However, there are some questions left behind by the death of Basel Al-Araj that are unresolved. In Basel’s case, questions focus on the occupation forces and their storming of Ramallah. There are also questions about the unfair unjustified contradiction of deploying hundreds of armed soldiers to oppress a peaceful march in protest of political arrests and the disappearance of these soldiers when it comes to an armed Israeli raid of a home that is mere metres away from their headquarters without any of their consciences kicking in to push them to perform their natural duty in such a situation.
There will be questions of the despairing “what if”, such as: What if there wasn’t a Palestinian government that was willing to coordinate with the occupation forces and against individuals resisting for their lives? What if Basel and his friends were allowed to operate in conditions that were less bleak and more welcoming? What would have happened if Basel and his friends’ dream were set free in a different time in Palestine?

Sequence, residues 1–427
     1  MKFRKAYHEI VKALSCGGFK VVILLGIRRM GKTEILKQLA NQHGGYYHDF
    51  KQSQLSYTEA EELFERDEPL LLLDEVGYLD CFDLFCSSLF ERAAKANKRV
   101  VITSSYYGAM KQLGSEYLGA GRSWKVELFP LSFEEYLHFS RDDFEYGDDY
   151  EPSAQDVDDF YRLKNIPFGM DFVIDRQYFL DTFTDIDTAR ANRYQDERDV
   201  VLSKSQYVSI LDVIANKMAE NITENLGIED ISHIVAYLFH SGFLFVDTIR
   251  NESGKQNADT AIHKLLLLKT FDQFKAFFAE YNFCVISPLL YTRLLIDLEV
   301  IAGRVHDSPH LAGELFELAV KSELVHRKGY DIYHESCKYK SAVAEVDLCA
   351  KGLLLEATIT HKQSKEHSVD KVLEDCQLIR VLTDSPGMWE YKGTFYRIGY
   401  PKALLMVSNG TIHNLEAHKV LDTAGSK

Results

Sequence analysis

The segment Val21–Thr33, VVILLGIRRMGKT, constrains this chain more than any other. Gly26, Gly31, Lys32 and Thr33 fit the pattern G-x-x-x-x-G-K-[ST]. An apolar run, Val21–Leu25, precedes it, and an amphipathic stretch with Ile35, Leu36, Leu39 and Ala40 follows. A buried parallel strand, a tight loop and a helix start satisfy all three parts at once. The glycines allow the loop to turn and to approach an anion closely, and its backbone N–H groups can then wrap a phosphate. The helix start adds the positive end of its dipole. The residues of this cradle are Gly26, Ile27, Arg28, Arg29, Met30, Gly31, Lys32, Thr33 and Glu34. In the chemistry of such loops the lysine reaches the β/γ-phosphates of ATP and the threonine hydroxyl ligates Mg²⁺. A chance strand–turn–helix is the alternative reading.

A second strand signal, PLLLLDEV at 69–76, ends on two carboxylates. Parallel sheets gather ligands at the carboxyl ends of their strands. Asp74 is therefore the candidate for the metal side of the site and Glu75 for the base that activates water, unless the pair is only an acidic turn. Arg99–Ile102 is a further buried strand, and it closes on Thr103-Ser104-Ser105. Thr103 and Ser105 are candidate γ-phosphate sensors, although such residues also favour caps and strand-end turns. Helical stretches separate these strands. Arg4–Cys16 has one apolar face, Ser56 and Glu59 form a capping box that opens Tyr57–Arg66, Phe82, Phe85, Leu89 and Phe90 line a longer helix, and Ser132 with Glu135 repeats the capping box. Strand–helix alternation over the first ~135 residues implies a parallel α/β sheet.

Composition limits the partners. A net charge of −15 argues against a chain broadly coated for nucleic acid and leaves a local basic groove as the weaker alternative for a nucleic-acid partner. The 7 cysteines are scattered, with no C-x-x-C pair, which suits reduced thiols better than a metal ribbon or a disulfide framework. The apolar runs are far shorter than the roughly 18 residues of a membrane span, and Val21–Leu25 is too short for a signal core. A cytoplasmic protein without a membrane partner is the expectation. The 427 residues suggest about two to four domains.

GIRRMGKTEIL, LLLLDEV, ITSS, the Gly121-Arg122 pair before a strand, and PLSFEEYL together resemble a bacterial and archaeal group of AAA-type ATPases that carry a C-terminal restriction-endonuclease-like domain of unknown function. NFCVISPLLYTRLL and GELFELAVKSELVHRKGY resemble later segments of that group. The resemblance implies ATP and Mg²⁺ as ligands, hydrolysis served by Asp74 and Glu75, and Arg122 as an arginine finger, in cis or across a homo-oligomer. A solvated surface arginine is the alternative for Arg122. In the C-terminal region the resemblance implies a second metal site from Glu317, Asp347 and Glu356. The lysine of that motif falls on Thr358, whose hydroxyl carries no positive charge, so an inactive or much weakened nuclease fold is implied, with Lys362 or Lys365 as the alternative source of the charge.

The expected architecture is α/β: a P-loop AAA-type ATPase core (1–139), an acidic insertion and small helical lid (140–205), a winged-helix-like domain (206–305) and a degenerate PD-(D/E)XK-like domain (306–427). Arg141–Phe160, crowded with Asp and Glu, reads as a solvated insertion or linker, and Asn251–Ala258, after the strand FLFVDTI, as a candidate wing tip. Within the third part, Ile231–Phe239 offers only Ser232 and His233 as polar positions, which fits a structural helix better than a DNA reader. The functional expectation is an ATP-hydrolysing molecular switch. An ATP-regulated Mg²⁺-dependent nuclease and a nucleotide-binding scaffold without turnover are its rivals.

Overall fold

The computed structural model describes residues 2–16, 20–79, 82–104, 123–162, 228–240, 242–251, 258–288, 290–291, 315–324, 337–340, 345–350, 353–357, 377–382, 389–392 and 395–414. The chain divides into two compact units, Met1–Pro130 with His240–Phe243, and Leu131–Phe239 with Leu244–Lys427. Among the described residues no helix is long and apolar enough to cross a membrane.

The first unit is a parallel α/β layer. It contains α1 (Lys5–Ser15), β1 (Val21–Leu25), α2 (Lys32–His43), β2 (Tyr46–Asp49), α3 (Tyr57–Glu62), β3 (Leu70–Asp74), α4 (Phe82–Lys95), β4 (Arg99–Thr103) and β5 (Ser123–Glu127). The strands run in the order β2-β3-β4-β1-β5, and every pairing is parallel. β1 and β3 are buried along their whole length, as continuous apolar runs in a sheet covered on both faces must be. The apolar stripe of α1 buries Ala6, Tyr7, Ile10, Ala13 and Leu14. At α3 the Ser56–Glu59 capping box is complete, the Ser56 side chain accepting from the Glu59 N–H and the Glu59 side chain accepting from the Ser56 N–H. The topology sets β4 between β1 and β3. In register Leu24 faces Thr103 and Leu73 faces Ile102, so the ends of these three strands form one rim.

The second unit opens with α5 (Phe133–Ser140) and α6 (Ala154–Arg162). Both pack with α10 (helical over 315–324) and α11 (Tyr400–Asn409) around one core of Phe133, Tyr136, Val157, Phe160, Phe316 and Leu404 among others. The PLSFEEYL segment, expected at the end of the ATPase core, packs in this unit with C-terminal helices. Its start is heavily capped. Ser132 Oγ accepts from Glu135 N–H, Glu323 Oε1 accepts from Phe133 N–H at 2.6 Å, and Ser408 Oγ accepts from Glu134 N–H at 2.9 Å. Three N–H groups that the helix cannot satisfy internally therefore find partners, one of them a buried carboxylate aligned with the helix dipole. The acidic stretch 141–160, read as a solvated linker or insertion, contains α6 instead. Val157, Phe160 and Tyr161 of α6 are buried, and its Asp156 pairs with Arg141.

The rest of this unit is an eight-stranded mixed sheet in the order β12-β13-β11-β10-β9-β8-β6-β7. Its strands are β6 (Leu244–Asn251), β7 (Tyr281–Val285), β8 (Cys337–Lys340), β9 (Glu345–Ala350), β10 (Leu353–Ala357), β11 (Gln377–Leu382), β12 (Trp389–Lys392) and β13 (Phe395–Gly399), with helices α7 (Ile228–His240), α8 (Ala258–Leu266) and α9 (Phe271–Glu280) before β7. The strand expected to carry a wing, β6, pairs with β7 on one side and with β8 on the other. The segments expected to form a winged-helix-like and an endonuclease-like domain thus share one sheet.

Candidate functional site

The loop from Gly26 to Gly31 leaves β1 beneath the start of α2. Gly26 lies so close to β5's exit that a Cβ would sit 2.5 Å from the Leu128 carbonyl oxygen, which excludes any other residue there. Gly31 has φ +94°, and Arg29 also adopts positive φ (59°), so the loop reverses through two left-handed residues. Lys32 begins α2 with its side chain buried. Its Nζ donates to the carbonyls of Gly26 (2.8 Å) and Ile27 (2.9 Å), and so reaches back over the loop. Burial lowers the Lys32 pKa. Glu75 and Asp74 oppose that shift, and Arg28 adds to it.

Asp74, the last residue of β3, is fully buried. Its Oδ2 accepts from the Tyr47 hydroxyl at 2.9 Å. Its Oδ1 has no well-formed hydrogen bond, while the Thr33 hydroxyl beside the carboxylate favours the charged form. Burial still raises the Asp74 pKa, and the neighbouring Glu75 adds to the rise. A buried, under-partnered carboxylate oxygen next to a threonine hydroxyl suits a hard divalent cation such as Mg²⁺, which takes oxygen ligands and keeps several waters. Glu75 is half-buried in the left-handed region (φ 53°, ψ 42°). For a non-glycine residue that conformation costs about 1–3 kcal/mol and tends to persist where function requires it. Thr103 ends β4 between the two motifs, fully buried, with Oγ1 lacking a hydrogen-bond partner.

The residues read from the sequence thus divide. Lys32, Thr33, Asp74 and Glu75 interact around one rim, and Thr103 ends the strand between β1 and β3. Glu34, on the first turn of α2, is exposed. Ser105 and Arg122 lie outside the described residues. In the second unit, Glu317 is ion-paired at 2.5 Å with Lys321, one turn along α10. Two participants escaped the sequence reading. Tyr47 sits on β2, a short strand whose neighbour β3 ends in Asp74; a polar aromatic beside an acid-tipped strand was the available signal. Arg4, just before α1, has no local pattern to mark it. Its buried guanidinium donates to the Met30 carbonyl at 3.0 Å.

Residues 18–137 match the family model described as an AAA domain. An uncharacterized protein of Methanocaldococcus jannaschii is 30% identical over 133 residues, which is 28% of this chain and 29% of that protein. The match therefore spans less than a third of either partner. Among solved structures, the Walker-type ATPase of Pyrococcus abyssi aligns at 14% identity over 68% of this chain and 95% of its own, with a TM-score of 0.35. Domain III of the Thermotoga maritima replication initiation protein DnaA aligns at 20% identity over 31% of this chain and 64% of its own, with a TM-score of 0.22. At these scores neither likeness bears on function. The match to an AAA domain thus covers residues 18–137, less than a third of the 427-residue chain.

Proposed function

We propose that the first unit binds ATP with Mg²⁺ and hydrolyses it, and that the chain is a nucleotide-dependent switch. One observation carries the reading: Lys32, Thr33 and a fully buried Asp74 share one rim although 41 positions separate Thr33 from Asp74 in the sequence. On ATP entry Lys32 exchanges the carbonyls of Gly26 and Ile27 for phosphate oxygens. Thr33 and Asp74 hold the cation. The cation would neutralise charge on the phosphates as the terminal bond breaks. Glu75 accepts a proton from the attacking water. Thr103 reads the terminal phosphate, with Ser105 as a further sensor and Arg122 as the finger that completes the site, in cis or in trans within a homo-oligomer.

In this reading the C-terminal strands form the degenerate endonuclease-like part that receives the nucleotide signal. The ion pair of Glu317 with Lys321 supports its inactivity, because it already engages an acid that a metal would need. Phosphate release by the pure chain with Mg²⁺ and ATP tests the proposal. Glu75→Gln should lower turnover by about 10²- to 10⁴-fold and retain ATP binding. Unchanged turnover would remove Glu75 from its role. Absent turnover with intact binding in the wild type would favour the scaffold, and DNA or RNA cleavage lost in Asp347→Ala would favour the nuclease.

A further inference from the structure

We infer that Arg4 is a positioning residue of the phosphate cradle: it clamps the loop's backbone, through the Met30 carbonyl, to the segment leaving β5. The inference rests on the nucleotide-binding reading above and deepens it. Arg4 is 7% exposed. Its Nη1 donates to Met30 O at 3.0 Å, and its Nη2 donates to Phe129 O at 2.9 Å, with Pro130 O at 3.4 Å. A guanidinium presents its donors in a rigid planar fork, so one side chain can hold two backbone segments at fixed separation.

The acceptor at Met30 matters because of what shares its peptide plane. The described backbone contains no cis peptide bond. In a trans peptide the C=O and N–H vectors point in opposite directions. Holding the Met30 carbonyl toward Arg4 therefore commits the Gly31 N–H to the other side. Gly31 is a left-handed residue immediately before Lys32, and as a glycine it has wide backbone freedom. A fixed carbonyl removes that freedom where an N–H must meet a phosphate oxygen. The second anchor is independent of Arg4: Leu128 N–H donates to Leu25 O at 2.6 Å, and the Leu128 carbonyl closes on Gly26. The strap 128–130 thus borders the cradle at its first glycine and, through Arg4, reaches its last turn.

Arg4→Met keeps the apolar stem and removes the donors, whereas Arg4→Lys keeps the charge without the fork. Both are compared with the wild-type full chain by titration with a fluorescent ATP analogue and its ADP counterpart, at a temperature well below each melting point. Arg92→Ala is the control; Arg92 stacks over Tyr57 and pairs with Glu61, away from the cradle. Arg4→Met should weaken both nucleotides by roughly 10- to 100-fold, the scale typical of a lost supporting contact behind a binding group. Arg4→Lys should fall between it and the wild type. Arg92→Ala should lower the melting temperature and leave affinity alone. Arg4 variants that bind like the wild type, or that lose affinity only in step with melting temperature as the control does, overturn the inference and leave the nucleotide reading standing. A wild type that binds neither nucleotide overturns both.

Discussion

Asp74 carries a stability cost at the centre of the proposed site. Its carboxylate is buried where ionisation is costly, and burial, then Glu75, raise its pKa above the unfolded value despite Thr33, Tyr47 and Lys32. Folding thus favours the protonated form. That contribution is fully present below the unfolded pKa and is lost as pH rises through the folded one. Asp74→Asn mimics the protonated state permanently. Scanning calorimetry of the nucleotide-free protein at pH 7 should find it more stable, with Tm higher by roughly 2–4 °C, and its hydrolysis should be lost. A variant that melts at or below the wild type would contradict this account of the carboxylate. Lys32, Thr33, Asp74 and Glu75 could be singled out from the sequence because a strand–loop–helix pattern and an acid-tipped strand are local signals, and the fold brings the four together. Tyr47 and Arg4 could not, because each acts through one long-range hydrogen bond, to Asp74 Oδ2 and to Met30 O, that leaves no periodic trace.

Basel Al-Araj’s death summed up his life journey because it demonstrated his loyalty to what he believed in. Basel died content, with no hesitation, as he preferred confrontation and martyrdom over imprisonment. He was in death, as he was in life, stubborn and firm and did not act at the expense of his values.
This blood that flowed from his heart and darkened Ramallah’s morning was his declaration of rebellion in its finest forms; rebellion against misery and humiliation, against the daggers of the treacherous, and against the breaking of will.
Translated from Felesteen, 7 March 2017
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